There are three basic types of affiliate program payment arrangements:
- Pay-per-sale (also called cost-per-sale): Amazon.com's affiliate program is an example of a pay-per-sale arrangement. In this arrangement, the merchant site pays an affiliate when the affiliate sends them a customer who purchases something. Some merchant Web sites, like Amazon.com, pay the affiliate a percentage of the sale and others pay a fixed amount per sale.
- Pay-per-click (cost-per-click): In these programs, the merchant site pays the affiliate based on the number of visitors who click on the link to come to the merchant's site. They don't have to buy anything, and it doesn't matter to the affiliate what a visitor does once he gets to the merchant's site.
- Pay-per-lead (cost-per-lead): Companies with these programs pay their affiliates based on the number of visitors they refer who sign up as leads. This simply means the visitor fills out some requested information at the merchant site, which the merchant site may use as a sales lead or sell to another company as a sales lead.
There are a number of other arrangements as well. Basically, a company could set up an affiliate program based on any action that would benefit them, and then pay their affiliates based on the number of customers the affiliates send them who perform that action.
There are a couple of very popular variations on these basic payment plans:
- Two-tier programs:These affiliate programs have a structure similar to multilevel marketing organizations (also known as "network marketing") such as Amway or Avon, which profit through commission sales and sales recruitment. In addition to receiving commissions based on sales, clicks or leads stemming from their own site, affiliates in these programs also receive a commission based on the activity of affiliate sites they refer to the merchant site.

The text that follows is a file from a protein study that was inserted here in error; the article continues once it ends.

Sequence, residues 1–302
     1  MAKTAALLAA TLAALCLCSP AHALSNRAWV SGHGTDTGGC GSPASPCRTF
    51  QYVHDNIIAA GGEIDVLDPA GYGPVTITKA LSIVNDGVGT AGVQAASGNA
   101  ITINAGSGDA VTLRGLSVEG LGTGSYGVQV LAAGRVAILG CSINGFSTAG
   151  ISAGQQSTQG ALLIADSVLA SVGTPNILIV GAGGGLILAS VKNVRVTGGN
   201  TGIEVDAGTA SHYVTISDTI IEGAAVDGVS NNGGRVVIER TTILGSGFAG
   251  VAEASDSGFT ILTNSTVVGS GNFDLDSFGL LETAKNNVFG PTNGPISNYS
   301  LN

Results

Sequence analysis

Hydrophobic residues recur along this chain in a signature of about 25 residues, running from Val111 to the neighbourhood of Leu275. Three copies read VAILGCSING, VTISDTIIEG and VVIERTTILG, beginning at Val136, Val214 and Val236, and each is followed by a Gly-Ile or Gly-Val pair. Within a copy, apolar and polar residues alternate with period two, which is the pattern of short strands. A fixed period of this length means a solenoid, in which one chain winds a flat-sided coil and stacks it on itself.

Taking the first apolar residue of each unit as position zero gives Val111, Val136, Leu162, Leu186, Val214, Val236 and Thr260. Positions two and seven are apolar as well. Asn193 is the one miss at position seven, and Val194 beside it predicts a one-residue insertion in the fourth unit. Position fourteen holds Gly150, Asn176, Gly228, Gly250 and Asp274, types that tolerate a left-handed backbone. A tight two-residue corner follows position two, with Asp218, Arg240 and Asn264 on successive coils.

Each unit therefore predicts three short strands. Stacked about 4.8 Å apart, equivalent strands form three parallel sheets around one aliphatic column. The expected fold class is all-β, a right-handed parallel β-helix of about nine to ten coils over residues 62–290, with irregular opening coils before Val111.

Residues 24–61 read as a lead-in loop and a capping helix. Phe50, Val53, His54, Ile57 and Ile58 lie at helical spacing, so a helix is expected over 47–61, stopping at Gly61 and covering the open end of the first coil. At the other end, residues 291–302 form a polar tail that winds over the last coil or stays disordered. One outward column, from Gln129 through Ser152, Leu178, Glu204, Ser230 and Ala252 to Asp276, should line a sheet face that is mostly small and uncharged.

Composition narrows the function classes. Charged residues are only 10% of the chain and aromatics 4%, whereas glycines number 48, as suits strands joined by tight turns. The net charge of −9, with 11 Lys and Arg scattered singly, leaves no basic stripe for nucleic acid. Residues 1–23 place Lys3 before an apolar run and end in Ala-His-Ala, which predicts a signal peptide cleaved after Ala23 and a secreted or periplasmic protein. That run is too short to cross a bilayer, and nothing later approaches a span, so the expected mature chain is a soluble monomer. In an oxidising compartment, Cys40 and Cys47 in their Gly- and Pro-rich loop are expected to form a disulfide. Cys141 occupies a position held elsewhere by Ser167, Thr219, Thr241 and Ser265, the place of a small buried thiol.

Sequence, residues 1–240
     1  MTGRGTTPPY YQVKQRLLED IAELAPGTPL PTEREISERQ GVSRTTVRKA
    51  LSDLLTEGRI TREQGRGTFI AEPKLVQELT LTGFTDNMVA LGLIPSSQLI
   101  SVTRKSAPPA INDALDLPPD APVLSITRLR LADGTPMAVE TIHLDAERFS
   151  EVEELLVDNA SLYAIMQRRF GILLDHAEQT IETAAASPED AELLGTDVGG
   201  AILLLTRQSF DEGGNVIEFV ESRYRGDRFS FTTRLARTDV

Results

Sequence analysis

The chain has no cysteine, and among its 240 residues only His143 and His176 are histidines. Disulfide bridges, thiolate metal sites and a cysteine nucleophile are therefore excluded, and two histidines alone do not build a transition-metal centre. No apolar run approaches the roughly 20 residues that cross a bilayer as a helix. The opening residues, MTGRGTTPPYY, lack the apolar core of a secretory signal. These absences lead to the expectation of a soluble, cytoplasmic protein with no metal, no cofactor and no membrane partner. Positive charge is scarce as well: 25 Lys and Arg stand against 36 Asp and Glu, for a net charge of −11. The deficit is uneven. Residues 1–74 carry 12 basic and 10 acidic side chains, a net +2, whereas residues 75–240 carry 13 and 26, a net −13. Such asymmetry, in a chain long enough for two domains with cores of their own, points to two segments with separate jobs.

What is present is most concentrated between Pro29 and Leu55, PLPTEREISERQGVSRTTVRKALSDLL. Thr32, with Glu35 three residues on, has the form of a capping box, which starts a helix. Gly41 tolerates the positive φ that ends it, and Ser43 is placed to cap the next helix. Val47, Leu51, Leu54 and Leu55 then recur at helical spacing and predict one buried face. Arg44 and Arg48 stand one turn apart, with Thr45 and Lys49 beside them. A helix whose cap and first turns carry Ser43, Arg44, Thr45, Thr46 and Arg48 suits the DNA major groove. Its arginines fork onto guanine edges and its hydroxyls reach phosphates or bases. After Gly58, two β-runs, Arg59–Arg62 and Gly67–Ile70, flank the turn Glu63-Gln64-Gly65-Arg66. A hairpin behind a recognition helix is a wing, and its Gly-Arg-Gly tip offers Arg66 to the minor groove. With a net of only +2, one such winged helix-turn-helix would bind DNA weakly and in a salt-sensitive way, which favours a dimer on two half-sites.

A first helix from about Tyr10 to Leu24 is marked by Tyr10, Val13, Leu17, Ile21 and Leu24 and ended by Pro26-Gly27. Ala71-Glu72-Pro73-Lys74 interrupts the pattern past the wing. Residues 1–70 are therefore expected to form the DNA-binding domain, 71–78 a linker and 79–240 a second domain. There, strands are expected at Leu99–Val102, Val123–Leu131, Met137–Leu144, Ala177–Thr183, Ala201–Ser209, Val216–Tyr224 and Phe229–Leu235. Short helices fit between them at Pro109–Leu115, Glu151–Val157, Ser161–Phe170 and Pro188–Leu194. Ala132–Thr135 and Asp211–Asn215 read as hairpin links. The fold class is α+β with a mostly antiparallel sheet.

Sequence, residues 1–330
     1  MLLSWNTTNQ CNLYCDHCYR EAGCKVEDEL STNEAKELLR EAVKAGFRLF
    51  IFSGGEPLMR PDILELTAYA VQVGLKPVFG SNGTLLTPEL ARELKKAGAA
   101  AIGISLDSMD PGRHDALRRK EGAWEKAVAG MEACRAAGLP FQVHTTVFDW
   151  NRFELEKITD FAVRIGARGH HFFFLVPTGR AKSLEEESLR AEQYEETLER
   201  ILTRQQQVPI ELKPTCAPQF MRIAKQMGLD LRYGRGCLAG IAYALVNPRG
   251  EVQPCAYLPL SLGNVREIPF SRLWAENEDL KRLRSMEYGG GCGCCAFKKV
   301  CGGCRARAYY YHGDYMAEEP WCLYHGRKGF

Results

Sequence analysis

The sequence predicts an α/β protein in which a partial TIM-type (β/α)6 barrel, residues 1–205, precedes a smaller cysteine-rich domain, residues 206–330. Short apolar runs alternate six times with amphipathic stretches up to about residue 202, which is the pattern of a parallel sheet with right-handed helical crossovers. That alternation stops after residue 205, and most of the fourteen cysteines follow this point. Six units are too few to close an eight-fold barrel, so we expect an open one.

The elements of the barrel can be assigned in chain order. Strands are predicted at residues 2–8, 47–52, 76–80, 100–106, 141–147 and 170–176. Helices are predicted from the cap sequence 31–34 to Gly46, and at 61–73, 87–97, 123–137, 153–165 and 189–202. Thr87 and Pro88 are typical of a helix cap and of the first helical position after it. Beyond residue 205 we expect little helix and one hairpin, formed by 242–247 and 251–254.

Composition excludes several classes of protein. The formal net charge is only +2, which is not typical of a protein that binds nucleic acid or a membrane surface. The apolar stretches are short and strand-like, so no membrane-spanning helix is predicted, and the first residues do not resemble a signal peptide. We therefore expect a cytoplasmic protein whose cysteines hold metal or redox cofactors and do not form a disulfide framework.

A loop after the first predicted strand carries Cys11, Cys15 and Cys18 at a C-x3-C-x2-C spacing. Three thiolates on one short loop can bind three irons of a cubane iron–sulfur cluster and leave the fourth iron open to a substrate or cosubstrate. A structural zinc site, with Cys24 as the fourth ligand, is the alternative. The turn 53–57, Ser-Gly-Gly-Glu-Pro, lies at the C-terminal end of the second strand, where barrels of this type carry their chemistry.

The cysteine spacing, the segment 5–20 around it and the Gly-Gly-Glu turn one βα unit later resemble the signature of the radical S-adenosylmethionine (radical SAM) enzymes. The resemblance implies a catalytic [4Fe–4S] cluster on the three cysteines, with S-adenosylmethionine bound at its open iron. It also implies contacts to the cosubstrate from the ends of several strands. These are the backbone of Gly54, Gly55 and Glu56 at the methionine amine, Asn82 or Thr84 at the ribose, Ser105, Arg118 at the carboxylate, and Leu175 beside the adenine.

- Residual Programs: Affiliates in these programs can keep making money off a visitor they send to the site if the visitor continues to purchase goods or services from the merchant site. Many online merchants who receive regular payments from their customers (such as monthly service fees) run this sort of affiliate program.
Additionally, there are a few pay-per-impression affiliate programs. Companies running these programs, also called pay-per-view programs, pay affiliates based only on the number of visitors who see their banner ad. Usually, this sort of arrangement is not structured as an affiliate program, but simply as a traditional advertising program. The advantage affiliate programs have over traditional advertising is that in an affiliate program, an online merchant only pays its affiliates when it gets a desired result. Traditional advertising, such as the ads you see on TV and a lot of the banner ads on the Internet, is relatively risky for the advertiser. They spend money on advertising based on a guess of its effectiveness. When an ad brings the company more money than it spent on that ad, the ad is a success. If the company makes less money than it spent, it has to swallow that loss. With an affiliate program, an online merchant only pays its affiliates when things are working. Because there's much less risk to the merchant, it's a lot easier for Web sites to join affiliate programs than it is for them to attract advertisers.